By Emma Kerr, Daily Staff Reporter
Published October 27, 2014
With two new Ann Arbor City Council members slated to assume office and the upcoming election of Ann Arbor’s first new mayor in 14 years, times are changing. But when it comes to mayoral priorities, these changes might not be so drastic.
The local Democratic primary resulted in a near majority victory for mayoral candidate Christopher Taylor, who currently serves on the Council representing the third ward. While Taylor was not publicly endorsed by current Mayor John Hieftje (D), his campaign focused heavily on maintaining a council that is a continuation of the current Council and embodies the ideals and goals set under Hieftje’s leadership.
Development has been one of the most divisive issues among councilmembers in recent years and was also a hot topic during the mayoral primary. Hieftje has been a more ardent supporter of downtown development programs compared to other Council factions which have been more hesitant to allow new building projects and have advocated for a focus instead on the city’s neighborhoods.
Julie Grand (D–Ward 3), Kirk Westphal (D–Ward 2) and incumbent Chuck Warpehoski (D–Ward 5), who will all serve on Council in 2015 due to being uncontested candidates, each have associations with Taylor and Hieftje. During her campaign for her Council seat, Grand endorsed Taylor for mayor over councilmembers Sabra Briere (D–Ward 1), Steve Kunselman (D–Ward 3) and Sally Petersen (D–Ward 2). Warpehoski and Westphal were both publicly endorsed by Hieftje.
Taylor said throughout his campaign that he believes Ann Arbor is headed in the right direction, and Grand and Westphal have also applauded much of the current Council’s work under Hieftje.
Grand would not explicitly say whether she supports Hieftje, but said because Taylor won the primary with a platform of continuing Hieftje’s work, it is clear the public feels confident that the city has been in good hands with the incumbent mayor and will be with Taylor as well. Taylor’s record reflects a voting history similar to that of Hieftje’s.
“I’m not saying that I am or that I’m not an ally (of Hieftje),” Grand said. “I’m very pleased with the job that the mayor has done. And if you look at Chris Taylor’s victory, that is reflective of that. I supported our presumptive mayor. Does that mean that I don’t have my own mind? Absolutely not.”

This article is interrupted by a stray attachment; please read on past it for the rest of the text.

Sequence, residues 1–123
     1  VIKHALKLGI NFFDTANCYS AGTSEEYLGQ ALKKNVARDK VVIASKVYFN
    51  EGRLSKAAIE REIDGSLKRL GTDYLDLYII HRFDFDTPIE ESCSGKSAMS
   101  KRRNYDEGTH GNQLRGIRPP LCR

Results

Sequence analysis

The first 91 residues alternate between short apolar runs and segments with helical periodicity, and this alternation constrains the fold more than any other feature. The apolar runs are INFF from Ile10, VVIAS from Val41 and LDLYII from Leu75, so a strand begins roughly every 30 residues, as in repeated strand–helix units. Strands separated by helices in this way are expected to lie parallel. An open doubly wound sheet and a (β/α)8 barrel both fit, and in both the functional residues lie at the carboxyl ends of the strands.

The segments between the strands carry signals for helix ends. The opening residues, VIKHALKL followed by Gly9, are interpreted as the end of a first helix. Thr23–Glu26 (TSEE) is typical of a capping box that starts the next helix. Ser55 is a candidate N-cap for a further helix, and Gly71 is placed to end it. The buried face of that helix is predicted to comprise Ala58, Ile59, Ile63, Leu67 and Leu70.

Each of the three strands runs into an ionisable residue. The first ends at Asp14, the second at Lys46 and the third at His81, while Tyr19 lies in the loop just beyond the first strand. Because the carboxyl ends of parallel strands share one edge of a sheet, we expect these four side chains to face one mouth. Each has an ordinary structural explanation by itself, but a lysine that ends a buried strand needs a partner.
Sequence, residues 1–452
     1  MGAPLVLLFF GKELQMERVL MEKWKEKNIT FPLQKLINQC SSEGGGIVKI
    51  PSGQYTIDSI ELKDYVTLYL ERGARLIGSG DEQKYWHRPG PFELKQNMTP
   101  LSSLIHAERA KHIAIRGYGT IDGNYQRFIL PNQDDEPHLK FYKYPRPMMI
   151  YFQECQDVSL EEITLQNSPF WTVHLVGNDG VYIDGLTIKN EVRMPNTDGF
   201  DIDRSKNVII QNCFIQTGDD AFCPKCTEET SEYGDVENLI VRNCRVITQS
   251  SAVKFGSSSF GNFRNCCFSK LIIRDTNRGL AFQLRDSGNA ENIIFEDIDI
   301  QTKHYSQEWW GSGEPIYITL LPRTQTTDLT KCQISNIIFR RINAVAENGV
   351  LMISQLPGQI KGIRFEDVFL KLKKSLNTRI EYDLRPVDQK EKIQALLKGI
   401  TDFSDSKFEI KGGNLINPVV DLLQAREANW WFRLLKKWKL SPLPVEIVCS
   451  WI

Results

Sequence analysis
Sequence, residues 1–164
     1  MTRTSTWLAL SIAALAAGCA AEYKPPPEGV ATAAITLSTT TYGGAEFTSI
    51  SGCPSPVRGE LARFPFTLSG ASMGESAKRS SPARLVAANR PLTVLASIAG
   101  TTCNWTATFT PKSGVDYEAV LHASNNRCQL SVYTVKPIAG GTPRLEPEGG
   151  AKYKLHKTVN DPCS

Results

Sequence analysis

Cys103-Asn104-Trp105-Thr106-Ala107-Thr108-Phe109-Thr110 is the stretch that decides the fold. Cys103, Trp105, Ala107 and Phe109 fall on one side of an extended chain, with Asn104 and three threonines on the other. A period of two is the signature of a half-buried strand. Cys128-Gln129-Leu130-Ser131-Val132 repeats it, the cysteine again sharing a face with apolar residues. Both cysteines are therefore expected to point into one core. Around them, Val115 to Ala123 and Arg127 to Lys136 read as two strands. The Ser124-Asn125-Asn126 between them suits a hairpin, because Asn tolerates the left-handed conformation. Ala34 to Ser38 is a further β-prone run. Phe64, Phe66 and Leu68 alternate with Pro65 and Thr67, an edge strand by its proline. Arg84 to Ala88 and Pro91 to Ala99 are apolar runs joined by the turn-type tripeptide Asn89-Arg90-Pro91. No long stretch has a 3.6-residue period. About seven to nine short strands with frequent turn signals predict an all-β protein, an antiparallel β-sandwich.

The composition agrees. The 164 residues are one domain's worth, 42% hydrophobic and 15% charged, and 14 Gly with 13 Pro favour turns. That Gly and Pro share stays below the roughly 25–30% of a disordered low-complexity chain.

There are two other new members who will take their seats on the Council in 2015: Westphal, who ran against Nancy Kaplan, a member of the Ann Arbor District Library Board, for the seat vacated by Petersen; and Graydon Krapohl, who ran uncontested for the open fourth ward seat following the retirement of Margie Teall (D–Ward 4).
“I have become acquainted with the incoming new councilmembers,” Westphal said. “I’ve had some interactions with Christopher in the past in his duties as a councilmember in the past, and I am hoping it will be the case that everyone continues to be civil on Council and works for the best of the community.”
Following the mayoral primary, which included four current councilmembers, some see the possibility for tension between those members who will continue to serve on Council. If elected mayor in the general election, Taylor, who won the primary with 47.57 percent of the vote, will serve alongside former primary opponents Briere and Kunselman.
Kunselman, who received 16.46 percent of the vote, said following the primary that he looks forward to working with Taylor and fellow councilmembers in the future. Kunselman and Taylor have served together on Council since 2009, though in the 2008 election, Kunselman lost his seat to Taylor. Kunselman ran again in 2009 and has been on Council since.
“There’s no sense of dread,” Kunselman said. “I’m keeping a very open mind and I think Council dynamics are going to continue very much how they have been, where there are issues that are more important to some members than others that eventually results in compromise.”
In a mayoral debate earlier this year, Briere said she does not consider herself aligned with anyone in particular on Council, including Hieftje.
“I don’t belong to a faction,” Briere said. “John is gone and we should get over it. Now we look at the future. As much as we may like John or agree with his policies, I’m not running against John and I’m not running to beat John.”
However, the question on voters’ minds may not have been whether Briere was running against Hieftje, but rather whether she was going to make decisions similar to Hieftje’s. Taylor has aligned himself indirectly with the former mayor since the beginning of his mayoral campaign, and his near-majority victory illustrated that a desire for change was not driving voters’ decisions.
“I don’t expect our government to change much, I expect it to fine-tune around the edges,” Kunselman said. “The biggest change is that when you no longer have the longest-serving mayor presiding over, there’s going to be a learning curve for everyone, even for Chris Taylor, assuming he is the next mayor. We are going to have to learn how to identify others’ positions within Council.”
Though new to the Council, Grand served with Taylor on the Park Advisory Commission and said she is not concerned that there will be any lingering tensions following election season.
“I’m not really concerned about the councilmembers that ran for mayor; I don’t think that’s what is driving the dynamic,” Grand said. “I’m hoping with a new mayor and some new councilmembers that we can try to get rid of some of these old divisions. I’m not naïve about that, but I certainly want to do my best to compromise.”